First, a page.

Five years ago this month, the new city of Brookhaven began a journey down its own path. It’s been a sometimes rocky road, but marked with major milestones, and as former mayors look ahead, they see success on the horizon.
During its first five years, the new city has paved roads, improved parks and set up a police force, and also has begun efforts to create affordable housing, to update zoning codes to deal with rapid development and to take the first steps toward establishing the long-dreamed-about Peachtree Creek Greenway trail and park system.
“We’re on our way to becoming a model city for others to look to,” Mayor John Ernst said. “We’re finding ways to be innovative and showing the region ways to do things better.”
The battle for cityhood began in 2010, with the formation of a group called Citizens for North DeKalb. Then the group “Brookhaven Yes” was formed to lobby their state representatives, notably former state Rep. Mike Jacobs, over their desire to have a local government to take over some services from DeKalb County. The county government, they argued, did not adequately represent them or provide services commensurate with the taxes the community paid.
“I was initially opposed to [cityhood],” said J. Max Davis, the city’s first mayor and the chair of the Brookhaven Yes movement. “My inclination was to not be in favor for what I thought would be more government.”
But when he realized that he and other residents were willing to pay for private security to provide protection in their neighborhoods, he had an epiphany that tax money could be used to fund a city police force.
“We weren’t getting the coverage from DeKalb police we wanted. The higher-ups were not assigning officers to patrol our area,” he said.
When a police lieutenant told him that DeKalb police probably would not be able to provide the coverage he wanted, Davis felt he had no choice but to support the creation of the city of Brookhaven, he said. “I think that was the real impetus to support cityhood for many people — having real security,” he said.
A cityhood vote
Creating Brookhaven wasn’t an easy sale, however. In 2012, after state legislators approved a vote on the new city, residents split roughly 55 percent to 45 percent in the vote to create Brookhaven. The new city came into existence in December of 2012.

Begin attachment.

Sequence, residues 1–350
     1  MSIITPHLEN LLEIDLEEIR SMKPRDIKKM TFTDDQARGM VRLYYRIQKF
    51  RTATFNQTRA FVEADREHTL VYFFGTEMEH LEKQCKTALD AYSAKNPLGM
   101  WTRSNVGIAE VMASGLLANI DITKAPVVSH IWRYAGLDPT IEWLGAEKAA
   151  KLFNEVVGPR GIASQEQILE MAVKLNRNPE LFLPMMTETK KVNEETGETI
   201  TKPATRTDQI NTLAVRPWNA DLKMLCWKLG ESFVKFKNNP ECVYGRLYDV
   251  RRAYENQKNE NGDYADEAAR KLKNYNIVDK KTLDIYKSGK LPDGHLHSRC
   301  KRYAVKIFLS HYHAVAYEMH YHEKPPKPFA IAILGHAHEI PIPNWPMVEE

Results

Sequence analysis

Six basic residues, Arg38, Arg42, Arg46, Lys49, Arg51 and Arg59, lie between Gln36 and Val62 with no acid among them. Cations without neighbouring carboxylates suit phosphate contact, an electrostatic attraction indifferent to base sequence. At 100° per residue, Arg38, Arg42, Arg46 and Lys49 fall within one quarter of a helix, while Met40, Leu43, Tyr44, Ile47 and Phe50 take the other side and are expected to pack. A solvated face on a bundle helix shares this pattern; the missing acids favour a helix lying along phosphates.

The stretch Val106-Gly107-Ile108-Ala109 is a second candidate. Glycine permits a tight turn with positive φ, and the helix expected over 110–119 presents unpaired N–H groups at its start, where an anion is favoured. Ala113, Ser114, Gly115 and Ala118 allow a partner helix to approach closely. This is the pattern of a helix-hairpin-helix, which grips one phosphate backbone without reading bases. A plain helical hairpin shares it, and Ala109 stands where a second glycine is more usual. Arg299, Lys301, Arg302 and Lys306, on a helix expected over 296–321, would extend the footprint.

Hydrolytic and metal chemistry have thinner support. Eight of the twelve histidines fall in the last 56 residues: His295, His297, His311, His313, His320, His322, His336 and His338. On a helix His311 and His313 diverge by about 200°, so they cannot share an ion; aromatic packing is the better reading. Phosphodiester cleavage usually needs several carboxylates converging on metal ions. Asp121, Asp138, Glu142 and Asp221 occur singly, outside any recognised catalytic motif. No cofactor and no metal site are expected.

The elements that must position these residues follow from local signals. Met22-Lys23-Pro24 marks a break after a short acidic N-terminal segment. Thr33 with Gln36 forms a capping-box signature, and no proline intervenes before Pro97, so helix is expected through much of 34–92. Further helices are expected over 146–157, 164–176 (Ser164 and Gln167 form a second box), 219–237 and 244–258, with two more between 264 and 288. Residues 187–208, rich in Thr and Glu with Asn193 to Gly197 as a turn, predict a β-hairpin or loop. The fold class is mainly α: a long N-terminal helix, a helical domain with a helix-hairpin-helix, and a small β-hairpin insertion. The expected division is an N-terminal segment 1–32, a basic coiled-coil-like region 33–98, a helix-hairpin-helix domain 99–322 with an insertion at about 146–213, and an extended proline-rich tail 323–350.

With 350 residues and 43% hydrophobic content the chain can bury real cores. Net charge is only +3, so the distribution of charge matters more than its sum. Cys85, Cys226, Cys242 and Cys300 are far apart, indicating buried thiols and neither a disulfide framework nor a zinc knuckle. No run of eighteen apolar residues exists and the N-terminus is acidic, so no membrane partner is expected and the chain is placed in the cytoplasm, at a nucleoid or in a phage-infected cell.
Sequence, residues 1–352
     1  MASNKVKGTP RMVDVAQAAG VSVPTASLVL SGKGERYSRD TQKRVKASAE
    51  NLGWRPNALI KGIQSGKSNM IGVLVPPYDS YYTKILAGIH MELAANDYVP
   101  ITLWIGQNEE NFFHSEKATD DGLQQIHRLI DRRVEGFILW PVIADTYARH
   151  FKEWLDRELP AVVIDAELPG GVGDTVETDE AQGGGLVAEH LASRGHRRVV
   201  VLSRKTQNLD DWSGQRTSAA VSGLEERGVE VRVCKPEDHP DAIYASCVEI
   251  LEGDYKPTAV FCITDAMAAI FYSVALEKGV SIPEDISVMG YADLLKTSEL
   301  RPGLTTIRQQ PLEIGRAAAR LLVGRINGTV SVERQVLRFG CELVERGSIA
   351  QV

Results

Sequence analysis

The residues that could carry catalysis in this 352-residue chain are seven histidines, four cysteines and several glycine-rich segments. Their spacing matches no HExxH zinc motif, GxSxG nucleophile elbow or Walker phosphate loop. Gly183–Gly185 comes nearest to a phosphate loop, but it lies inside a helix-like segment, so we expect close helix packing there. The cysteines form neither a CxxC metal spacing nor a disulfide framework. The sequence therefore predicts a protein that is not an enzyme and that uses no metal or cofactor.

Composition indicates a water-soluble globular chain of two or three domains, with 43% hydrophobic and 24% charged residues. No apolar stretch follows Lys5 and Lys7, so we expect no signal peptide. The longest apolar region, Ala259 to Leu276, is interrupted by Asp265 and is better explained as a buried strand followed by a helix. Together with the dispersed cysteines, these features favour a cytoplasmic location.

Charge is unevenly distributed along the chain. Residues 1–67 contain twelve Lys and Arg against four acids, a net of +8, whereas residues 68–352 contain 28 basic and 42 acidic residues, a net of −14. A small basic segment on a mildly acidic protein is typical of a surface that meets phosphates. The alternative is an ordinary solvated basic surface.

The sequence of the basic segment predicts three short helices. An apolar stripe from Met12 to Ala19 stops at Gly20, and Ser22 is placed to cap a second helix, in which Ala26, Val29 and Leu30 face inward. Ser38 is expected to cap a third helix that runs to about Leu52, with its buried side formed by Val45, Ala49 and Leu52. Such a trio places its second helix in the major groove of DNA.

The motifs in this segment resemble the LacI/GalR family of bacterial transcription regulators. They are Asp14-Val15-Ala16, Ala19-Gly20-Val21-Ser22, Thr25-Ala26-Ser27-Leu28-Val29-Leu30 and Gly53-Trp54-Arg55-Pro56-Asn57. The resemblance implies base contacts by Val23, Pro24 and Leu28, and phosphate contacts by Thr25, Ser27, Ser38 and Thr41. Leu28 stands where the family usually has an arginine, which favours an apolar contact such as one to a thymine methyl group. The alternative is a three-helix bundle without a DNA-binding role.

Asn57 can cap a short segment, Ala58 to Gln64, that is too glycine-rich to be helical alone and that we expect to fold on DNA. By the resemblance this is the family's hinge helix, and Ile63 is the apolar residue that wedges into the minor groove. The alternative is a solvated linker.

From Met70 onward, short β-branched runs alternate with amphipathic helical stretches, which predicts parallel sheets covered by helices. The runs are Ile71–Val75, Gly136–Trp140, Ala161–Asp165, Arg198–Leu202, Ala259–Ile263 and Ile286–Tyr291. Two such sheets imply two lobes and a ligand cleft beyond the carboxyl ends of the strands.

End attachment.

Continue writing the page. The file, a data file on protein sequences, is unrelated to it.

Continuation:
The city covered some 12 square miles from I-85 to I-285, where it bordered Dunwoody, another new city set to celebrate 10 years of existence in 2018. (After an annexation, Brookhaven now extends south of I-85 into an area where Executive Park and the North Druid Hills campus of Children’s Healthcare of Atlanta are located.)
During the debate over whether to create a city of Brookhaven, heated “Brookhaven Yes” and “Brookhaven No” campaigns formed. One of Ernst’s main campaign promises when he took office in 2016 was to find ways to unite the two.
“When I got elected, there was no ‘Yes Brookhaven’ or ‘No Brookhaven,’” Ernst said. “We are just Brookhaven. We’ve moved on from that and are running a city now.”
There may be a little bitterness left behind. “There’s still one person on Osborne Road with a ‘Brookhaven No’ sign,” Davis said with a chuckle.
“People of both sides of the cityhood issues came together really well,” Davis said. “In the beginning there was still some of that suspicion … and there are still some negative nellies out there. But I’ve noticed after about a year, especially with the police, that rancor dying down.”
For Rebecca Chase Williams, the city’s second mayor, the first five years “have gone by so fast.”
“I look back and see so many accomplishments and have this overwhelming sense of pride,” she said.
“We’ve lowered taxes, we’ve paved roads, our parks are vastly improved, zoning and planning is done closer to home,” she said. “All the promises we made, we’ve kept.”
Williams became mayor in 2015 after Davis resigned to make an unsuccessful bid for the seat representing District 80 in the state House of Representatives.
“Part of our challenge is that Brookhaven is already a popular and wonderful place to live and lots of people and developers are coming in,” she added. “We don’t want to infringe on the great quality of life … and so there is work to be done in finding that balance of growth and quality of life.”
The city’s first five years include some rocky moments. Davis was accused of sexual harassment for allegedly spraying aerosol at a female colleague.
The city attorney was dismissed after some city officials said he tried to help cover up the accusation against Davis.